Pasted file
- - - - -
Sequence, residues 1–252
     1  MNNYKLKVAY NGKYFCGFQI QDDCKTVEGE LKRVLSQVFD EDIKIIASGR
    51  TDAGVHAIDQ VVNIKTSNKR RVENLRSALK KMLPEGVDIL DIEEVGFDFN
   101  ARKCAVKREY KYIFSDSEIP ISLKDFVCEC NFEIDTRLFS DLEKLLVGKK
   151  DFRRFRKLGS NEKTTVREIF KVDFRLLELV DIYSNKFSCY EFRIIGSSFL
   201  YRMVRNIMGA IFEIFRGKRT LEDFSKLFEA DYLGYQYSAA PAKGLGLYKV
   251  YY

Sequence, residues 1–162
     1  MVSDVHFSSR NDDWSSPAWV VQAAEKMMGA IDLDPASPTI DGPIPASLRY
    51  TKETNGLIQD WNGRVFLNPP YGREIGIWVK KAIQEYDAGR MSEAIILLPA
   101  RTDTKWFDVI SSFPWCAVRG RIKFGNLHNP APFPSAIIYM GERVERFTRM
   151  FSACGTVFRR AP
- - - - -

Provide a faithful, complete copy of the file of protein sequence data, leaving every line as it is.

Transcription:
Sequence, residues 1–252
     1  MNNYKLKVAY NGKYFCGFQI QDDCKTVEGE LKRVLSQVFD EDIKIIASGR
    51  TDAGVHAIDQ VVNIKTSNKR RVENLRSALK KMLPEGVDIL DIEEVGFDFN
   101  ARKCAVKREY KYIFSDSEIP ISLKDFVCEC NFEIDTRLFS DLEKLLVGKK
   151  DFRRFRKLGS NEKTTVREIF KVDFRLLELV DIYSNKFSCY EFRIIGSSFL
   201  YRMVRNIMGA IFEIFRGKRT LEDFSKLFEA DYLGYQYSAA PAKGLGLYKV
   251  YY

Sequence, residues 1–162
     1  MVSDVHFSSR NDDWSSPAWV VQAAEKMMGA IDLDPASPTI DGPIPASLRY
    51  TKETNGLIQD WNGRVFLNPP YGREIGIWVK KAIQEYDAGR MSEAIILLPA
   101  RTDTKWFDVI SSFPWCAVRG RIKFGNLHNP APFPSAIIYM GERVERFTRM
   151  FSACGTVFRR AP